I liked the scene where they break into what Chow has told them is his own house, and the bit where Stu and Chow have to first crawl through the house and then disarm the alarm is hilarious, but there were too few of these laugh-out-loud moments in this movie.

LS: That scene had its ups and downs, but overall it was pretty clever. I liked it, too.

MA: And I enjoyed the scene where Phil and Alan crash Chow’s party, and Chow escapes, soaring over the streets of Las Vegas as a human kite while Stu pursues him from the ground.

LS: Yeah, that was pretty good! Chow gets some of the best moments in this one. But a lot of people hate the character of Mr. Chow, so they might not enjoy those scenes as much as we did.

MA: But THE HANGOVER PART III rarely reaches those kinetic moments of sheer insanity which drove the first movie along.  Nor do the individual characters have as many memorable moments here.

Bradley Cooper pretty much plays it straight in this one as Phil, and while Ed Helms does get to enjoy some funny bits here as Stu, he sadly avoids his signature moments where awful things happen to him, unless you count the after-credit scene.  No tattoos, no missing teeth, no strange marriages to a hooker.  Honestly, I missed that.

LS: Bradley Cooper’s Phil is always the straight man. He just says cynical things and swears a lot, and while he doesn’t give an amazing performance here, I was satisfied with what he does.

MA:  Yeah, but he’s was funnier in the first two movies.

LS:  Helms, on the other hand, is pretty hilarious in the first two movies, and this time around they give him nothing to do for the most part except get bossed around by Alan. Poor Ed Helms! He deserves better.

MA: Even Zach Galifianakis as Alan, by far the funniest of the trio, while still as insane as ever, just didn’t generate the same kind of laughter as he did in the first two movies.  In fact, some of his scenes here are downright weird without being funny.  The scene where Phil tells Alan he loves him, and Alan starts wailing and crying is simply bizarre, and not humorous at all.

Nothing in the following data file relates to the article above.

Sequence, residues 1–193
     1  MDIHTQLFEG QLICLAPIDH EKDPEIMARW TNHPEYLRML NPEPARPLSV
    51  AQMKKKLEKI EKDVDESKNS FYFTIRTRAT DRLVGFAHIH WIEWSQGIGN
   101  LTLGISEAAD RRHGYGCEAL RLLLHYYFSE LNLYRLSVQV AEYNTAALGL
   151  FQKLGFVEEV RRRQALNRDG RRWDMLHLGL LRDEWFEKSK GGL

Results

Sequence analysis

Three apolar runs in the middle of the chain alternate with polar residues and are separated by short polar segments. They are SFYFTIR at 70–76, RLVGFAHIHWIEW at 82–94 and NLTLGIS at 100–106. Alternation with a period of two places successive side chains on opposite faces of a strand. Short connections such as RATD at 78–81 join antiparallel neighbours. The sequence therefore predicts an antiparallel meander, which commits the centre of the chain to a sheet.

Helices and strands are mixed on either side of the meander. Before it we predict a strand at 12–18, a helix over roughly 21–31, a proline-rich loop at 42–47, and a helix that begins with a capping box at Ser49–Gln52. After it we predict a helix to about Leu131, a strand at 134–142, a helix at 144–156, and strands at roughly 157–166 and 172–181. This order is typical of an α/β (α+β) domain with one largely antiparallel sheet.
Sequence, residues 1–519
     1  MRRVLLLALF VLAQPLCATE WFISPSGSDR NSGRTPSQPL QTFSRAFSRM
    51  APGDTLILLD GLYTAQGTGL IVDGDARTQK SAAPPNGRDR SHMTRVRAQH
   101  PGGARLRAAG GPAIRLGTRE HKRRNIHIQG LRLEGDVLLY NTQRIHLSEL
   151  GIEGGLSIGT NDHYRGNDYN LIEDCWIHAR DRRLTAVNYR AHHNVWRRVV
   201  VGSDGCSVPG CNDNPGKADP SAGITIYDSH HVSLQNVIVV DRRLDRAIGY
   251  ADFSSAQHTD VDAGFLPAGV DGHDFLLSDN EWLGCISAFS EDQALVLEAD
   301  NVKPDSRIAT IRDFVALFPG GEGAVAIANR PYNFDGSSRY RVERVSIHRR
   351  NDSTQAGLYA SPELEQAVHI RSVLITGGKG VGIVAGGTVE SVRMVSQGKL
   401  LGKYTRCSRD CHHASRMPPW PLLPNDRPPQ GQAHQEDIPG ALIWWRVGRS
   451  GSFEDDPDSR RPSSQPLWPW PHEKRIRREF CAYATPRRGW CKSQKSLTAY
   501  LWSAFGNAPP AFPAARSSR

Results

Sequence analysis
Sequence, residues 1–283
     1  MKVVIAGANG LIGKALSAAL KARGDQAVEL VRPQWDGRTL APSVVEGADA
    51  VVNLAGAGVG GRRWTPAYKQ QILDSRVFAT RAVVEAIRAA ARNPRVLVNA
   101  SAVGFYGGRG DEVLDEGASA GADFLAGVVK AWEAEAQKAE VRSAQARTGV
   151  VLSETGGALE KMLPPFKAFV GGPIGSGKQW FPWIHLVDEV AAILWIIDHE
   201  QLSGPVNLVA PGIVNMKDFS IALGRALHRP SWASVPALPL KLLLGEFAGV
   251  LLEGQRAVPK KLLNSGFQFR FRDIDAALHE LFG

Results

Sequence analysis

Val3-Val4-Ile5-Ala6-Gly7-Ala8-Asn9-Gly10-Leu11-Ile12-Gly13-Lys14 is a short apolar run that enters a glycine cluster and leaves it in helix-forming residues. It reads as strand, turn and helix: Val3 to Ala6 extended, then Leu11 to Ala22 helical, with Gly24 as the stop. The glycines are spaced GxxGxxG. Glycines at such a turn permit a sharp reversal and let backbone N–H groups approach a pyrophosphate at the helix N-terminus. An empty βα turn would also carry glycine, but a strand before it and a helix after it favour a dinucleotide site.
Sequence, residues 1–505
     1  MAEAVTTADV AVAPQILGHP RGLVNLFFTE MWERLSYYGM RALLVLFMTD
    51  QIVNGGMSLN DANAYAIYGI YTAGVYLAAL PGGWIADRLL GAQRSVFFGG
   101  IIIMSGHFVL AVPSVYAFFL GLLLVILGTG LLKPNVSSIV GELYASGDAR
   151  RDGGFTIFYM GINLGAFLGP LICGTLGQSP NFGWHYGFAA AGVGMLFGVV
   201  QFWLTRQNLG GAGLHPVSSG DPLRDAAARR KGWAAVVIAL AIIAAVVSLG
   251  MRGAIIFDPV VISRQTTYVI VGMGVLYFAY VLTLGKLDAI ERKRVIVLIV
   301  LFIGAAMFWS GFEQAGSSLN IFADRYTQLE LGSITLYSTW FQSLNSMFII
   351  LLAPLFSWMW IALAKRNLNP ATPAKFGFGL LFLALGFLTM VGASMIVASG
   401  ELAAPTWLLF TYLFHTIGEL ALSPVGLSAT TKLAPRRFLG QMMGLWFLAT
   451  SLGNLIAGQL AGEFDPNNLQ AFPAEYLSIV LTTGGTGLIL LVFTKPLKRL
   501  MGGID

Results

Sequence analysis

LS: Alan is a complete weirdo, but he’s a lovable weirdo. I have no problem with scenes that are just plain weird. My problem is scenes where Alan just sits around and pretty much does nothing. There’s one scene where they’re all just standing around, and Alan is sitting on the hood of their car, looking half-asleep, and I thought “this is exactly the kind of stuff that’s wrong with PART III,” they should be moving around non-stop, and Alan should never seem tired or like he has nothing to do.

MA: Ken Jeong is back as Mr. Chow, and his antics aren’t as funny this time around either.

LS: Usually Mr. Chow makes me laugh my ass off—despite myself. But yeah, he’s pretty uneven in this one. Sometimes he’s really funny, but a lot of the time he’s not. He even drifts into the “becoming annoying” category a few times during this movie, which is awful. CHOW SHOULD NEVER BE BORING!

Also, I want to give a shout out to Melissa McCarthy. She sure has become a big star since that BRIDESMAIDS movie. And she has a small role here as a pawn dealer in the heart of Vegas who has an instant love connection with baby-man Alan. I really liked her in this one, and enjoyed her scenes with Galifianakis a lot! More Melissa McCarthy!!

MA: You didn’t go see IDENTITY THIEF did you?

LS: No, it looked stupid.

MA: But Melissa McCarthy starred in it. With Justin Bateman. And she’s going to be in the upcoming cop comedy THE HEAT with Sandra Bullock.

LS: That looks kind of dumb, too.

MA: But you just said you were a fan of hers. You said “More Melissa McCarthy!

LS: I know…(thinks about it)…I’m sorry.

I liked her in this movie, though!

the_hangover_part_3_movie-wide

MA: Bottom line, THE HANGOVER PART III suffers from jokes that simply aren’t as creative as the jokes from the first two movies.  The cast is decent enough, and it’s fun to see these characters on the big screen again, but the situations they find themselves in here really aren’t all that nutty.  The wild chaotic hilarity from THE HANGOVER is largely absent in this third installment.

THE HANGOVER PART III is mildly amusing, but I wish I had laughed more.

I give it two knives.

So what did you think of it, LL?

(MR. CHOW suddenly appears on the roof with them)

CHOW: What are you doing on the roof of Chow’s hotel?

MA: Just getting some air.

CHOW: What’s that rope made of towels. You were going to crash Chow’s party, weren’t you?

LS: We don’t care about your stupid party. And we have nothing to do with that rope thingie. So cool your jets.

MA: Yeah, we’re trying to review THE HANGOVER PART III here.

CHOW: Okay, Chow will be quiet. Chow wants to hear what you thought of it…And it better be good.

LS: Michael just said it sucked.

MA: No I didn’t! I gave it two knives.

LS: Like I said, he said it was garbage.

(CHOW pulls out a loaded gun)

CHOW: Did you now?

LS: But don’t worry. I’m going to give my final comments now.

CHOW (smiles): Okay, Chow wants to hear that before Chow kills this guy.

MA: Gee, thanks.

LS (to Michael): Look, I wanted to really like this movie, but just about all of your problems with it are legitimate. We’ve already discussed in depth how going off of the tried-and-true formula this time around was a bad idea. But why didn’t Phillips’ risk work?